The new carrier is about 45 percent through its PDT&T period. The last trial the ship will go through is a full-ship shock trial, where live ordnance is exploded in the water near the ship to make sure it can take a hit. At that point, the ship will go into a repair period to fix damage from the shock trial and conduct planned repairs and modernization work ahead of the ship and crew preparing for pre-deployment training.
The role that engineers at Joint Base McGuire-Dix-Lakehurst played in helping troubleshoot and validate the solution to the EMALS fault comes at a time when Congress and the Navy are having talks about land-based test facilities for other kinds of systems.
The Navy originally skipped building a land-based test site for its weapons elevators, figuring that the parent technology behind the elevators was commercially based and relatively well understood. Instead, the service continues to struggle with the Advanced Weapons Elevators, with just five of 11 in working function and in use by the crew, with one more set to be completed this year and the rest planned for completion before the end of the maintenance period following shock trials. Lawmakers had expressed frustration that the Navy made a penny-wise pound-foolish decision to nix that test site.
To avoid these issues in the future, the Senate Armed Services Committee said in its version of the Fiscal Year 2021 National Defense Authorization Act that the Navy wouldn’t be able to pursue its Large Unmanned Surface Vessel program until the service and the committee came to some sort of an agreement on ground-based testing of subsystems.
“We highlight unmanned surface vessel. It’s an example of a program that needs to pursue sub-system prototyping first because there’s enough unknown subsystems that need to be matured before we try to build the full-scale vehicle,” a staffer told reporters in a background briefing.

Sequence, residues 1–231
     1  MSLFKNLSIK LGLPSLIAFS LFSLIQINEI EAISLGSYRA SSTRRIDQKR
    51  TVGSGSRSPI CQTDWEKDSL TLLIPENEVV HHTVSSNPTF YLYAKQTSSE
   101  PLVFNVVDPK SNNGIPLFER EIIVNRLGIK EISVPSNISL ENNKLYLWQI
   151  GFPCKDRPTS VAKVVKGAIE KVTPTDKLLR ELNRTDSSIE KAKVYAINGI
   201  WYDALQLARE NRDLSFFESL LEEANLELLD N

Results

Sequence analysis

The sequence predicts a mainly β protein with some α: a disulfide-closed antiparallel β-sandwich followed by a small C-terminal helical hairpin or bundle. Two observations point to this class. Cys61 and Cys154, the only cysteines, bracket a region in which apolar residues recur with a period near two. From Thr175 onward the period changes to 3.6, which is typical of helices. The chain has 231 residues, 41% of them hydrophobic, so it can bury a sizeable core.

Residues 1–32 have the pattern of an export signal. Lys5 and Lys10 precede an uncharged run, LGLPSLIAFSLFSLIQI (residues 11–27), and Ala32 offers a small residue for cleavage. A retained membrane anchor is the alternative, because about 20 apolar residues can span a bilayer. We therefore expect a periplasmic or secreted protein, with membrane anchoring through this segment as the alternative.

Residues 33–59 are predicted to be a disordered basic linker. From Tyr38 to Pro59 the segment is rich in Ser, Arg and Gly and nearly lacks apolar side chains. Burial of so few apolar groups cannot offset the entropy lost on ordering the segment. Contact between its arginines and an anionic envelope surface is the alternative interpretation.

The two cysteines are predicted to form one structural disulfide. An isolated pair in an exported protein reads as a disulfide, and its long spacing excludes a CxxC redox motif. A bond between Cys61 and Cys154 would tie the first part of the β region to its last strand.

“We’re trying to catch things earlier in programs and make full use of land-based testing and land-based test sites for subsystem prototyping.”
As for how the Navy would move forward with establishing ground-based test sites, Geurts told USNI News during the call that “absolutely, having those is critical for those systems that can benefit from it. It’s not cheap – you have to maintain those systems just like you have to maintain the systems on a ship, you have to have people there. But for systems like EMALS or something else, even in our traditional steam catapults, having that capability is key so that we can deal with issues like this.”
He noted that an Advanced Weapons Elevator test site would be coming online in Philadelphia and that, even though the elevators have completed about 10,000 cycles on the ship with no problems, the test site would be available to troubleshoot if needed and also to test out upgrades and modifications down the line before installing them on the ship.
“Having digital twins of the software, having hardware replications so we can replicate the capabilities are all important things to do,” Geurts said.
“We’ve just got to balance all of that with affordability and make sure we are getting it right in terms of the systems we choose to do that for and then systems we choose some other way to be able to maintain.”